Through an iconic cold soup, star chef José Andrés discovers deep roots that connect his Spanish heritage with his Washington, D.C., home.
Credit: Photo: Johnny Miller

Sunday mornings in the summertime, I absolutely love going to the farmers market. I go early enough to speak with the farmers—some of them I've known for years—and I also know that the best produce will be sold out if I get there too late. I wake up my three daughters to come along; they're still sleepy as we get in the car to got to Dupont Circle, where the Freshfarm market has been every week since we first lived in the neighborhood many years ago. This time of year, the bounty of the market is amazing; aromatic peaches, juicy watermelons, and all the local produce that makes D.C. a wonderful food city.

We hit my favorite vegetable stand and smell the crisp green cucumbers and the ripe heavy heirloom tomatoes. My daughter Carlota tells me she thinks these must be the ripest, most perfect tomatoes in the world—they smell so much sweeter than the hothouse tomatoes in December. We pick out produce for the week, and of course we get ingredients for gazpacho. My wife, Patricia (aka Tichi), has a recipe that is our family favorite, and even though we know it by heart, just for fun I go to my library to look at a gazpacho recipe written in 1824 by Mary Randolph. I found it when I bought her first-edition cookbook, The Virginia Housewife, and It blew my mind—a soup I have forever known to be Spanish, written in one of the first American cookbooks. Randolph's recipe calls for fresh tomatoes and cucumbers, pepper, salt, onions, and stewed tomatoes. It's different from Tichi's, but it's always incredible to me to think about our shared culinary legacies. All around the world, we share food, culture, and history.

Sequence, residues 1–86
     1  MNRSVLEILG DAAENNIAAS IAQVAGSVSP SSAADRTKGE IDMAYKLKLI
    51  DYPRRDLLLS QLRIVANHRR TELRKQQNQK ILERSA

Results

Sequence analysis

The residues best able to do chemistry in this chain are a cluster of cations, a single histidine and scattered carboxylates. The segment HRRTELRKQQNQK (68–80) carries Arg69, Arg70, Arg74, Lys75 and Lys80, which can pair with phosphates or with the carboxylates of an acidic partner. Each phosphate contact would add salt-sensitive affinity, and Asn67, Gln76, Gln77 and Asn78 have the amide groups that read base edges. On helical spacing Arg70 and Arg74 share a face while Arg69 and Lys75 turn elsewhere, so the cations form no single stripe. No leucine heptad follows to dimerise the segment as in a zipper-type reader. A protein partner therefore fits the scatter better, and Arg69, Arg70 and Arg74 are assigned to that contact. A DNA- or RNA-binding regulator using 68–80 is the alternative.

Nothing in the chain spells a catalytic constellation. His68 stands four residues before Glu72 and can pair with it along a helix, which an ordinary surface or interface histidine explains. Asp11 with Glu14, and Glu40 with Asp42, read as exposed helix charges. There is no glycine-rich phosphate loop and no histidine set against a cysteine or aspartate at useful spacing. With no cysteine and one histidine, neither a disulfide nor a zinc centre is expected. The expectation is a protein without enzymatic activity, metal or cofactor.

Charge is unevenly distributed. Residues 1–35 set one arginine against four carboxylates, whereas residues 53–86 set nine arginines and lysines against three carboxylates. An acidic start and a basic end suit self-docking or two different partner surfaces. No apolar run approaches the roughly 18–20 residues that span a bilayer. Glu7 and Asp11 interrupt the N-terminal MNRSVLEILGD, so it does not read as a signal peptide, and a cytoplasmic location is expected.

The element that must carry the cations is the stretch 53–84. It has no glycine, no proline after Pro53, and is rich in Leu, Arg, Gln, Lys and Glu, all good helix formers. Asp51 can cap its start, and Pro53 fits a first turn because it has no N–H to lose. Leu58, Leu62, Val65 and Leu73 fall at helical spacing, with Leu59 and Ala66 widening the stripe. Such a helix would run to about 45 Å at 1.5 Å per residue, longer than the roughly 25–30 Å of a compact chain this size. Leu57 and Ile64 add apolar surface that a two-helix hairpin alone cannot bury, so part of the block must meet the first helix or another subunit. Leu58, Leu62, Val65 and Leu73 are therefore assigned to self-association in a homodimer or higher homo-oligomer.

On a hot summer day, it's good we don't have to turn on the stove to make the soup. Instead, we put it all in a blender—tomatoes, cucumbers, bell pepper, some good sherry, a healthy splash of Spanish olive oil. A quick blend and it's done, into a pitcher in the fridge. Now it's time to enjoy the rest of the day outside, kicking around a football, with glasses of cold gazpacho waiting on us. It's not a sit-down dish for us, but a standing one, a salad in a glass. This is summertime in my home, the same as my wife's growing up, and maybe even the same as Mary Randolph's almost 200 years ago, just down the road in Virginia.

Credit: Photo: Jennifer Causey

Tichi's Gazpacho

High-quality olive oil will make a big difference here. You can find Spanish extra-virgin olive oil at reasonable prices at Trader Joe's, but any flavorful variety you have on hand will work.